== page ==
If such a record, amid a media frenzy that effectively portrayed innocent people as guilty of one of society’s most heinous crimes, doesn’t constitute a witch hunt, it’s hard to imagine what could. Yet Cheit can only bring himself to describe the McMartin case as “doubly unjust.” He balances the suffering of the teachers unjustly charged—some who struggled to make bail, one who was temporarily separated from her children—against the possibility that one of the McMartin suspects might have been guilty. But, of course, the allegations against that suspect came from the same investigatory process that resulted in myriad charges against innocent people.

The book then moves on to examine more than a dozen cases in which Cheit contends “witch-hunt narrative” reporters got things wrong. This structure weakens the book’s argument. The first few times Cheit downplays dubious conduct by investigators or prosecutors, he almost sounds reasonable. But the cumulative effect of such a one-sided approach undermines the book’s credibility. So, too, does the almost casual way in which he concedes that even by his standards, several of the most significant cases—such as in Kern County, California, and Wenatchee, Washington—featured wrongful convictions.

In this post-McMartin narrative, Cheit spends the most time on the case of a New Jersey day-care teacher named Kelly Michaels, who was convicted of 115 charges of child abuse and sentenced to 47 years in prison. Cheit clearly considers the verdict and preceding investigation basically proper. He reaches this conclusion by again minimizing undeniably dubious actions by investigators or prosecutors. Prosecutors, he admits, filed some “fantastic” charges against Michaels. (That is: They claimed that Michaels made little children eat a cake of feces or licked peanut butter off their genitals, even as the children’s parents noticed none of this before the investigation began.) The Department of Youth and Family Services investigator, he recalls, “prompted” and “inappropriately” pressured some witnesses. (That is: The investigator told one boy who wasn’t implicating Michaels not to “be a baby” and informed another prospective child witness that Michaels “took advantage of you kids.”) Cheit seems unable or unwilling to consider that an investigator who shows extreme bias with some child witnesses is not a reputable source to interrogate other children, or that prosecutors who bring “fantastic” claims sacrifice the benefit of the doubt regarding the accuracy of their other allegations.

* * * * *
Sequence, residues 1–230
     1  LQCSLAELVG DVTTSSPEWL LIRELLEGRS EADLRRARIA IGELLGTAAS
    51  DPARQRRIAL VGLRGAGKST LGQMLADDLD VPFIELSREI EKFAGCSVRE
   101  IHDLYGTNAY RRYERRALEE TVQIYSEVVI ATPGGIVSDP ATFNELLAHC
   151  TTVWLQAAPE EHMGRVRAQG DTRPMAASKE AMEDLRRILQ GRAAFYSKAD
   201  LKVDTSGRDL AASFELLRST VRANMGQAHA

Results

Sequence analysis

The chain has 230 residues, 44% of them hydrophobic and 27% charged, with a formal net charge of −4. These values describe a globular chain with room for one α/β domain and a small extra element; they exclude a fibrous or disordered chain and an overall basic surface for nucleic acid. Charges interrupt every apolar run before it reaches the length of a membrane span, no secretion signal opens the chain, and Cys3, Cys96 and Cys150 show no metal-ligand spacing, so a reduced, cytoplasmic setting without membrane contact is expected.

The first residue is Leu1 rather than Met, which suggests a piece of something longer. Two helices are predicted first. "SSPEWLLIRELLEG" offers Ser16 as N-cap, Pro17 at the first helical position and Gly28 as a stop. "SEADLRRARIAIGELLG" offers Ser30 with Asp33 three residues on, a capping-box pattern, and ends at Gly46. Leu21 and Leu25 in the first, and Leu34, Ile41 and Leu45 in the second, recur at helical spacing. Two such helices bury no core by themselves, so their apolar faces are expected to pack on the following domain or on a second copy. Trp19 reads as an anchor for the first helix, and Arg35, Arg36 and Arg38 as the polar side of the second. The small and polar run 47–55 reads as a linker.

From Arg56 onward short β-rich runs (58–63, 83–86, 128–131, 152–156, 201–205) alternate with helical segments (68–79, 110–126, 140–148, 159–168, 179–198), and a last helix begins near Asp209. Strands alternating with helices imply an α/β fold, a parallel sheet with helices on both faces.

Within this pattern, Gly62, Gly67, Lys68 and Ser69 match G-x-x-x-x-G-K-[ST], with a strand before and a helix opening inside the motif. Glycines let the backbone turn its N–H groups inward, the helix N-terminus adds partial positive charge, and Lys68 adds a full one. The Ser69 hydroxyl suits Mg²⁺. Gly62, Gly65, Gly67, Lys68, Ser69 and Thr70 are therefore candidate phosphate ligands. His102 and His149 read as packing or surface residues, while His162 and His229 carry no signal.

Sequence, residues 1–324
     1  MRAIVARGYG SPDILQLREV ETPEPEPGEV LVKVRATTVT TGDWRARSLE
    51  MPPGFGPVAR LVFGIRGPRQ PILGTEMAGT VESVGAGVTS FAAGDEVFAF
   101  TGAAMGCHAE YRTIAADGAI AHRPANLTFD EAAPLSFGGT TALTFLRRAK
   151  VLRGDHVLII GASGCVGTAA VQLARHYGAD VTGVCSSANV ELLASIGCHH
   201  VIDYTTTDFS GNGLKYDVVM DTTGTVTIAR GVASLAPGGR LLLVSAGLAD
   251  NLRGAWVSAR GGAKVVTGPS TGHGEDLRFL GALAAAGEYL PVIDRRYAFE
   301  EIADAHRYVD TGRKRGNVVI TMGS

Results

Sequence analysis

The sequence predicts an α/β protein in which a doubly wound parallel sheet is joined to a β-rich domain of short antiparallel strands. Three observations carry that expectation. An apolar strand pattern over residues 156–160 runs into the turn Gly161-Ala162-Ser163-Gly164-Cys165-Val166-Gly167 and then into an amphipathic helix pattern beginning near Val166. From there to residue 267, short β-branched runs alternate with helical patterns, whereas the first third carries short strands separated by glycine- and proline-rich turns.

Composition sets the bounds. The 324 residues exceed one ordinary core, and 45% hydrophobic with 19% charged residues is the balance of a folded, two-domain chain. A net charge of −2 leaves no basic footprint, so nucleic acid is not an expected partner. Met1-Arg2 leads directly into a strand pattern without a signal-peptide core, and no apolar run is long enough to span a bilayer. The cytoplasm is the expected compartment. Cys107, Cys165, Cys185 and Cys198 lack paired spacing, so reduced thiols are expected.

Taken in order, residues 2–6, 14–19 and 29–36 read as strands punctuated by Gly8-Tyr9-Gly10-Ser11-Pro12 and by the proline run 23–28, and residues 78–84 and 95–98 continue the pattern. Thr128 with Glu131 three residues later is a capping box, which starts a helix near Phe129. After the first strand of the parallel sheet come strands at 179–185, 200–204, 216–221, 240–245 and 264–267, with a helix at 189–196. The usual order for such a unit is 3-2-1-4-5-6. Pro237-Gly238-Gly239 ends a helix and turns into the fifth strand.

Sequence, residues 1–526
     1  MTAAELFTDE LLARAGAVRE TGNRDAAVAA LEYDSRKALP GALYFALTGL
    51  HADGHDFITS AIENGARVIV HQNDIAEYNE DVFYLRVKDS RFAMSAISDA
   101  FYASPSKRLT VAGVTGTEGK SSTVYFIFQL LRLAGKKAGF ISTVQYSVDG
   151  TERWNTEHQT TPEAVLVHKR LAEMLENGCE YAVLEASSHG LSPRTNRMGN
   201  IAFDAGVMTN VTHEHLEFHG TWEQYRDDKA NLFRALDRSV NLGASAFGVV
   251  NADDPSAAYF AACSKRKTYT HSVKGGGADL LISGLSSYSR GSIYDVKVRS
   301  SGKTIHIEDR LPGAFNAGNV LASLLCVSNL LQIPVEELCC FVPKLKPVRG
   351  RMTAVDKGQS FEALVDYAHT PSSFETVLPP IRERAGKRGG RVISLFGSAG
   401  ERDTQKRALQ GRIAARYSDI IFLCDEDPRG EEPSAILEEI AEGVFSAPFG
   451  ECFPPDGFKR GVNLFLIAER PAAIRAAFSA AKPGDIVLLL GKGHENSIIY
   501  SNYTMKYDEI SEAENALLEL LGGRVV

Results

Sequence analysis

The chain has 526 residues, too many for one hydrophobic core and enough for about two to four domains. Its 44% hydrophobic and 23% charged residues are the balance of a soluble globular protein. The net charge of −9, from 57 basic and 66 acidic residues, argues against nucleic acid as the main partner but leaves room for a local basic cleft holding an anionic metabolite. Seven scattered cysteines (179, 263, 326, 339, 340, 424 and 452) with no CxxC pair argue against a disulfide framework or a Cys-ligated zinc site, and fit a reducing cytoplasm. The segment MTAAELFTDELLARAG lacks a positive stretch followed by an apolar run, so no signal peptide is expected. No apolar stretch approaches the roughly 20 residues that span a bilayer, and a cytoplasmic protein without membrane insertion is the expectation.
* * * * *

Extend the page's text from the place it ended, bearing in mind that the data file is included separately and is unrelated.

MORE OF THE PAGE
A three-judge appellate panel unanimously overturned Michaels’s conviction. The judges acted as they did, the author reasons, not because they had considered the evidence before them but because they had been influenced by media pressure, caused especially by the work of Dorothy Rabinowitz and Nat Hentoff. To substantiate this breathtaking assertion, Cheit cites neither the judges’ private papers nor interviews with the judges about their thought process.

The appellate court’s ruling was upheld by the New Jersey Supreme Court, to which Cheit devotes two pages without providing a single quotation from the court’s decision. Readers, therefore, don’t learn that the justices unanimously believed that “several major errors…occurred in the prosecution of the case.” Or that “almost all of the interrogations conducted in the course of the investigation revealed an obvious lack of impartiality on the part of the interviewer.” Or that the record was “replete with instances in which children were asked blatantly leading questions that furnished information the children themselves had not mentioned.”

Perhaps the New Jersey Supreme Court did badly err. But Cheit’s editorial decision to force readers onto Google to learn why the justices unanimously disagreed with his interpretation betrays a lack of confidence in his conclusions.